Even before the earthquake, mortar was cracking in the oldest sections. Repointing the building will likely cost at least $5 million. Interior preservation work is needed on doors, metalwork and stained-glass windows. Mechanical and plumbing systems need repairs. Refurbishing the massive organ could cost as much as $15 million.
"The dollars are big ... this cathedral was built on that kind of effort," said Kathleen Cox, the cathedral's chief operating officer. "It's just one foot in front of the other, and you keep going."
There is no steady stream of revenue from the government or the Episcopal Church for the church that draws about 200,000 visitors and 300,000 worshippers a year. It has long relied on donors for its annual budget, along with interest from a modest endowment. This year, it must raise $10 million for its operating fund.
The cathedral, first envisioned by President George Washington and architect Pierre L'Enfant, was built on one of the city's highest points.
Episcopalians took in donations from around the country to fund construction. At one point, the National Cathedral Association had nearly 35,000 members. But in the 1990s and early 2000s, the cathedral was considered complete, and the association was disbanded.
Leaders had built a dedicated congregation and felt the finances were strong enough to incur some financial risk, Cox said. For example, the cathedral agreed with the schools that share its property to finance and build a $34 million garage that was completed in 2007. They expected to recoup most or all of the construction costs with parking fees over 30 years.
Then came the Great Recession, and the garage debt became a drag. The cathedral is devoting more than $500,000 a year in its budget to the garage, setting aside some funds to prepare for higher principal payments that will come due in 2017.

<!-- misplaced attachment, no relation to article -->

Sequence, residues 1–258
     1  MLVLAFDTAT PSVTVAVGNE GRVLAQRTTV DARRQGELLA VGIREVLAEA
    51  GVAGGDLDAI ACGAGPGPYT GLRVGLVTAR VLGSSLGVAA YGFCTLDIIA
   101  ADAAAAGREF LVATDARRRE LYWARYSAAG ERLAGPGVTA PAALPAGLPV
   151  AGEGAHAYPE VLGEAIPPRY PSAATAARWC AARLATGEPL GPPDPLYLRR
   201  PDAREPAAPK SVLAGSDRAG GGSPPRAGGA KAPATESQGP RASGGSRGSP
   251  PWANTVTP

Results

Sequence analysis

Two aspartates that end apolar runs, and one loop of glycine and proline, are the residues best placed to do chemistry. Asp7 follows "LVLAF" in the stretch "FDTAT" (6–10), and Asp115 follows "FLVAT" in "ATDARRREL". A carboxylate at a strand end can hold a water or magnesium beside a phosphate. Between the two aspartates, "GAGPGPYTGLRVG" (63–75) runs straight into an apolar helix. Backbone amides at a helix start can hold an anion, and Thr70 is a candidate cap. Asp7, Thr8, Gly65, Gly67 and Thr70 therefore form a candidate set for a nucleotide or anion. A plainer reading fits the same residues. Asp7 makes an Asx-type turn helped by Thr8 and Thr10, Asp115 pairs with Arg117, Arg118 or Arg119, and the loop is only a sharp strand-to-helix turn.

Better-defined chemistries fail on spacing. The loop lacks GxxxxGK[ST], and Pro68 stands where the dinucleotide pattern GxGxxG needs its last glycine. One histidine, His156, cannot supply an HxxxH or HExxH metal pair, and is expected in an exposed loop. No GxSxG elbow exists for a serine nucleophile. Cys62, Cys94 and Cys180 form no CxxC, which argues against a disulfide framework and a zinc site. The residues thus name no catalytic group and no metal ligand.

Declines in the endowment and in donor support as the stock market tumbled also led the church to cut back on growth and refocus on core services in 2008 and 2009. Dozens were laid off.
Since the financial crisis, the cathedral has begun rebuilding its donor base, said Cox, who was formerly CEO of the Corporation for Public Broadcasting. Officials have restarted the National Cathedral Association, which now includes about 5,000 members. To help fund a 10th anniversary commemoration of Sept. 11, the cathedral sought a corporate sponsor, Lockheed Martin, for the first time.
Since it reopened in November following the earthquake, visitors encounter a new experience. A new welcome counter lists fees for $10 audio tours and specialty tours focused on its stained glass, gargoyles and other features. Visitors are asked for a contribution of at least $5 for a basic tour, replacing a single donation box.
So far, visitors are giving an average of about $3 per person, nearly double what the box elicited. Cox said visitors have responded positively to the new approach to contributions.
It also hopes its partnership with the trust will help it tap donations from foundations focused on historic sites.
The earthquake simply crystalized the need, Cox said, "to be taking fairly dramatic and aggressive steps to find a way to fund this cathedral for the future and for its preservation."